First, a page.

I'm Michel Martin and this is TELL ME MORE from NPR News. Coming up, you might've been following the long debate over whether this country locks up too many people for too little reason and for too long. It turns out something else interesting is happening that you might not heard about - the racial breakdown of the prison population is changing. More white people, especially more white women, are getting locked up. And we'll find out more about that in a few minutes.
In the '60s, some fervent rock groupies formed a band called the GTOs — short for "Girls Together Outrageously" — and while it didn't last, the name captures the impulse behind stories in which women chafe against the male-centric society that pulls their strings. This week you can see a girls-together-outrageously triple bill: Spring Breakers, Ginger & Rosa and Beyond the Hills.
What can you find underneath a British railroad or parking lot? These days it could be skeletons, and probably a lot of them. Last month, researchers announced the bones of a man discovered underneath a British parking lot were actually King Richard III. Today, a British rail project says some of its staff stumbled upon skeletons of people who may have died of the Black Death nearly 700 years ago, during an outbreak of bubonic plague.
For Paul Thomas Anderson, moviemaking is not just an art; it's also about time management.
"At its best, a film set is when everybody knows what's going on and everybody's working together," he tells Fresh Air's Terry Gross. "At its worst, [it's] when something's been lost in communication and an actor's not sure how many shots are left or what's going on, and the makeup department's confused."
The span of South by Southwest is so huge that sometimes the festival can be about the bands you miss as much as the ones you see. After the hectic Thursday on the streets, bars and venues of Austin, Texas, the All Songs Considered crew regrouped to recount the long walks, long lines, tough decisions, missed opportunities and happy accidents of day three.
Originally published on Mon March 18, 2013 7:00 am
"The meek shall inherit the earth" — that seems to be the latest message from the United Nations Development Program.
Their 2013 Human Development Report chronicles the recent, rapid expansion of the middle class in the developing world. It also predicts that over the next two decades growth in the so-called "Global South" will dramatically shift economic and political power away from Europe and North America.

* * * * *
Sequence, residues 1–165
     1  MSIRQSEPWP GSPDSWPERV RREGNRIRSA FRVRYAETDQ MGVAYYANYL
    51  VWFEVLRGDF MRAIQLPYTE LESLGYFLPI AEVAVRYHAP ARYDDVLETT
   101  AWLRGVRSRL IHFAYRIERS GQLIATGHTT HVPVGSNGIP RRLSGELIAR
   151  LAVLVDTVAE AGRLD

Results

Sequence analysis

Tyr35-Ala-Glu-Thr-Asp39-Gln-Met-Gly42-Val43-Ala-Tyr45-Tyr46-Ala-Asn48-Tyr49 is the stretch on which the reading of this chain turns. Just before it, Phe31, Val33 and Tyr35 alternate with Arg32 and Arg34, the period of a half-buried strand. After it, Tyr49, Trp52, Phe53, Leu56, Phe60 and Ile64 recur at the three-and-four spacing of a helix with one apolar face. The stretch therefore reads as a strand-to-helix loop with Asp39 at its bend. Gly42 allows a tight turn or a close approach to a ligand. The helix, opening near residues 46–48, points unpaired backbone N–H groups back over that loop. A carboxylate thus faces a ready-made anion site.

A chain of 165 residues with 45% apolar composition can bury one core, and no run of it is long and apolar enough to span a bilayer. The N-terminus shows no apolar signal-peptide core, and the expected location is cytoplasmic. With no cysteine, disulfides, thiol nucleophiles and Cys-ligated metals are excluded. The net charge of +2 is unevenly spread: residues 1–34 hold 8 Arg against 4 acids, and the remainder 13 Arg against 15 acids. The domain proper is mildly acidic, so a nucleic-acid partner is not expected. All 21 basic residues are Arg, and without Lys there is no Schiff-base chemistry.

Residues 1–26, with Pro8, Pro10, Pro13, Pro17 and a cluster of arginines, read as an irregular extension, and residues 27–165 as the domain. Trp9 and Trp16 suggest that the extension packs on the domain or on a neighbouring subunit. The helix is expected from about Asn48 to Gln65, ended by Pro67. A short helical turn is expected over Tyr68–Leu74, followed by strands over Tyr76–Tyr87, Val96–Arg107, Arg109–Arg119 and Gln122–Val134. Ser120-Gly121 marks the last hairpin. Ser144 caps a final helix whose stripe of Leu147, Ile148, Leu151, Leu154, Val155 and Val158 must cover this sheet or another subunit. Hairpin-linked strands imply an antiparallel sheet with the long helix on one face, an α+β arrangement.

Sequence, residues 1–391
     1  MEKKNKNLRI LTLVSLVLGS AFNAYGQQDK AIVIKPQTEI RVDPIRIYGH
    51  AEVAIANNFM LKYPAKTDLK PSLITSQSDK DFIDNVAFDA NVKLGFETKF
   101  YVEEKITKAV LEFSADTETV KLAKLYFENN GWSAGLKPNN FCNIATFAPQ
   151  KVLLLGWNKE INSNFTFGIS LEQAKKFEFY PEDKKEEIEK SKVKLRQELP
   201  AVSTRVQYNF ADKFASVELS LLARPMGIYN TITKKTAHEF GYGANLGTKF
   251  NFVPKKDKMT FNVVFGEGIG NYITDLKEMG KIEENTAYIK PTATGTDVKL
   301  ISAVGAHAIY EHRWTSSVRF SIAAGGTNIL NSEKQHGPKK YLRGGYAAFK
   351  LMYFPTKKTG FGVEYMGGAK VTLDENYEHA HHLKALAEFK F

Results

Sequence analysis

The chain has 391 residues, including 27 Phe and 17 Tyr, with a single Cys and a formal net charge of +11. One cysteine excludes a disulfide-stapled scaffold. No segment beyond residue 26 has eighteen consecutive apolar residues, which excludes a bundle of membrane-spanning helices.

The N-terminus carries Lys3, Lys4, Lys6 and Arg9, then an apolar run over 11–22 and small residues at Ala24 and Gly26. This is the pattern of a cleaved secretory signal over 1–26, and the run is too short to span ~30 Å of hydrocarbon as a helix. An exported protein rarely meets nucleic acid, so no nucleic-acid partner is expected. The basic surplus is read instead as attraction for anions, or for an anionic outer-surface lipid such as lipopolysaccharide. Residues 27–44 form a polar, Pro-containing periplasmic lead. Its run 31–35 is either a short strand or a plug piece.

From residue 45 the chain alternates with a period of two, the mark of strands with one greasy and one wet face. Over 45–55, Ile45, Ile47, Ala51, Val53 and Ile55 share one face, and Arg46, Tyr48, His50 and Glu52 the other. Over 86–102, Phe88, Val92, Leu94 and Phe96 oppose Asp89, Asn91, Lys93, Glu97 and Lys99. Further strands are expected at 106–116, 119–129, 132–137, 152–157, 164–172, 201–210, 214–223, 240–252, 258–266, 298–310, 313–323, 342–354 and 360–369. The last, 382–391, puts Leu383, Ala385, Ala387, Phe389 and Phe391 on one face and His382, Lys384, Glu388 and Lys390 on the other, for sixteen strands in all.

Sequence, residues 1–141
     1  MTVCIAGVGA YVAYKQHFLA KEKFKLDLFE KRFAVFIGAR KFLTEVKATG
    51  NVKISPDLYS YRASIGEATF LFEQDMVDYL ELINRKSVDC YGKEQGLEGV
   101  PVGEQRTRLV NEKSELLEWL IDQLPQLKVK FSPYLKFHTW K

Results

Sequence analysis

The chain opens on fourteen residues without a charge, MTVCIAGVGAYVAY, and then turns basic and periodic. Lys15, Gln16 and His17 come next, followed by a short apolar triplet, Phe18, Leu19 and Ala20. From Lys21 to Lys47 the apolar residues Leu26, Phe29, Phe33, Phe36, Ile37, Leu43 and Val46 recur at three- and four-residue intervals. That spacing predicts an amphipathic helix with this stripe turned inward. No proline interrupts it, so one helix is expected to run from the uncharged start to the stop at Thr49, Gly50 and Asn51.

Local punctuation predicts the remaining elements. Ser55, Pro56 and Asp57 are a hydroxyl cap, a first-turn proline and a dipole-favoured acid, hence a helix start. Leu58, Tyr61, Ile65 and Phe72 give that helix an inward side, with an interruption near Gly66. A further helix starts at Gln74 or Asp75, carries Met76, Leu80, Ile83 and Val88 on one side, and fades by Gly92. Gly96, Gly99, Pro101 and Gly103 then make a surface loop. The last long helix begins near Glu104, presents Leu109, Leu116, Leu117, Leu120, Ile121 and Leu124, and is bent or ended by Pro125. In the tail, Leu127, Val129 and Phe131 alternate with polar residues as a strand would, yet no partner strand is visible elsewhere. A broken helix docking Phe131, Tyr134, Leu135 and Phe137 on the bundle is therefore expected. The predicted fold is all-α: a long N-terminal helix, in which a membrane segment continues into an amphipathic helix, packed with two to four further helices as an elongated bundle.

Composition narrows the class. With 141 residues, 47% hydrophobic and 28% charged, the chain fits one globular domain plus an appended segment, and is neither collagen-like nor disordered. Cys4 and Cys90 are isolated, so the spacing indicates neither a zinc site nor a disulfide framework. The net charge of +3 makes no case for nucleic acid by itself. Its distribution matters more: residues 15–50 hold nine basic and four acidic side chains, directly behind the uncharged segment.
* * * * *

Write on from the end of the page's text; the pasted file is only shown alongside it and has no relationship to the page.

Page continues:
Originally published on Fri March 15, 2013 10:43 am
Pope Francis, in his first audience with the cardinals since becoming head of the world's 1.2 billion Roman Catholics, praised his predecessor, Benedict XVI, and urged the evangelization of the church's message.
Francis said of Benedict, who served as pontiff for eight years before his historic resignation last month, that he "lit a flame in the depths of our hearts that will continue to burn because it is fueled by his prayers."
Last year, a federal program called the Earned Income Tax Credit took about $60 billion from wealthier Americans and gave it to the working poor. And here's the surprising thing: This redistribution of wealth has been embraced by every president from Ronald Reagan to Barack Obama.
"This program worked," says Richard Burkhauser, an economist at Cornell University and the American Enterprise Institute. "And there's not a hell of a lot of these programs where you can see the tremendous change in the behavior of people in exactly the way that all of us hoped it would happen."
Originally published on Mon April 29, 2013 12:02 pm
Zach Williams, Kanene Pipkin and Brian Elmquist are The Lone Bellow. Although Williams, the principal songwriter and lead singer, is a native Georgian, the group found its soulful folk-rock sound in Brooklyn. The group recorded its self-titled debut album on the Lower East Side, yet the lyrical, foot-stomping songs could have easily come from the heart of Nashville.